iJobs General

Recruitment Genius: Bookkeeper / Office Co-ordinator

£9 per hour: Recruitment Genius: This role is based within a small family run ...

Recruitment Genius: Designer - Print & Digital

£28000 - £32000 per annum: Recruitment Genius: This Design and marketing agenc...

Recruitment Genius: Quantity Surveyor

£46000 per annum: Recruitment Genius: This property investment firm are lookin...

Recruitment Genius: Telesales / Telemarketing Executive - OTE £30k / £35k plus

£18000 - £35000 per annum: Recruitment Genius: This company specialises provid...

Day In a Page

Read Next
 

Errors & Omissions: When is a baroness not a baroness? Titles still cause confusion

Guy Keleny
 

CPAC 2015: What I learnt from the US — and what the US could learn from Ukip

Nigel Farage
War with Isis: Fears that the looming battle for Mosul will unleash 'a million refugees'

The battle for Mosul will unleash 'a million refugees'

Aid agencies prepare for vast exodus following planned Iraqi offensive against the Isis-held city, reports Patrick Cockburn
Yvette Cooper: We can't lose the election. There's too much on the line

Yvette Cooper: We can't lose the election. There's too much on the line

The shadow Home Secretary on fighting radical Islam, protecting children, and why anyone in Labour who's thinking beyond May must 'sort themselves out'
A bad week for the Greens: Leader Natalie Bennett's 'car crash' radio interview is followed by Brighton council's failure to set a budget due to infighting

It's not easy being Green

After a bad week in which its leader had a public meltdown and its only city council couldn't agree on a budget vote, what next for the alternative party? It's over to Caroline Lucas to find out
Gorillas nearly missed: BBC producers didn't want to broadcast Sir David Attenborough's famed Rwandan encounter

Gorillas nearly missed

BBC producers didn't want to broadcast Sir David Attenborough's famed Rwandan encounter
Downton Abbey effect sees impoverished Italian nobles inspired to open their doors to paying guests for up to €650 a night

The Downton Abbey effect

Impoverished Italian nobles are opening their doors to paying guests, inspired by the TV drama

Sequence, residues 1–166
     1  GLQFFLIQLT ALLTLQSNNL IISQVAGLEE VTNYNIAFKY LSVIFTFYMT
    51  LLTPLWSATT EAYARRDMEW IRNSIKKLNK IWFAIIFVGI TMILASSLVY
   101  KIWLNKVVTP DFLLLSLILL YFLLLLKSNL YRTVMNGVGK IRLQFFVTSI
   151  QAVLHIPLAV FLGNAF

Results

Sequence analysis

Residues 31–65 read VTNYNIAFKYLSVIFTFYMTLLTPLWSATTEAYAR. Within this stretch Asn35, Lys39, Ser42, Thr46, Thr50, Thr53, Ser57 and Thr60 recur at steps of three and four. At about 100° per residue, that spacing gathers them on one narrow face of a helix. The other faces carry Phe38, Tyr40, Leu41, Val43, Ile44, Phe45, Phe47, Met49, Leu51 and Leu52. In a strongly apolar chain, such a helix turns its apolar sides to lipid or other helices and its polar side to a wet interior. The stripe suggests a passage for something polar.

China's wild panda numbers have increased by 17% since 2003, new census reveals

China's wild panda numbers on the up

New census reveals 17% since 2003
Barbara Woodward: Britain's first female ambassador to China intends to forge strong links with the growing economic superpower

Our woman in Beijing builds a new relationship

Britain's first female ambassador to China intends to forge strong links with growing economic power
Courage is rare. True humility is even rarer. But the only British soldier to be awarded the Victoria Cross in Afghanistan has both

Courage is rare. True humility is even rarer

Beware of imitations, but the words of the soldier awarded the Victoria Cross were the real thing, says DJ Taylor
Alexander McQueen: The catwalk was a stage for the designer's astonishing and troubling vision

Alexander McQueen's astonishing vision

Ahead of a major retrospective, Alexander Fury talks to the collaborators who helped create the late designer's notorious spectacle
New BBC series savours half a century of food in Britain, from Vesta curries to nouvelle cuisine

Dinner through the decades

A new BBC series challenged Brandon Robshaw and his family to eat their way from the 1950s to the 1990s
Philippa Perry interview: The psychotherapist on McDonald's, fancy specs and meeting Grayson Perry on an evening course

Philippa Perry interview

The psychotherapist on McDonald's, fancy specs and meeting Grayson Perry on an evening course
Bill Granger recipes: Our chef recreates the exoticism of the Indonesian stir-fry

Bill Granger's Indonesian stir-fry recipes

Our chef was inspired by the south-east Asian cuisine he encountered as a teenager
Chelsea vs Tottenham: Harry Kane was at Wembley to see Spurs beat the Blues and win the Capital One Cup - now he's their great hope

Harry Kane interview

The striker was at Wembley to see Spurs beat the Blues and win the Capital One Cup - now he's their great hope
The Last Word: For the good of the game: why on earth don’t we leave Fifa?

Michael Calvin's Last Word

For the good of the game: why on earth don’t we leave Fifa?
HIV pill: Scientists hail discovery of 'game-changer' that cuts the risk of infection among gay men by 86%

Scientists hail daily pill that protects against HIV infection

Breakthrough in battle against global scourge – but will the NHS pay for it?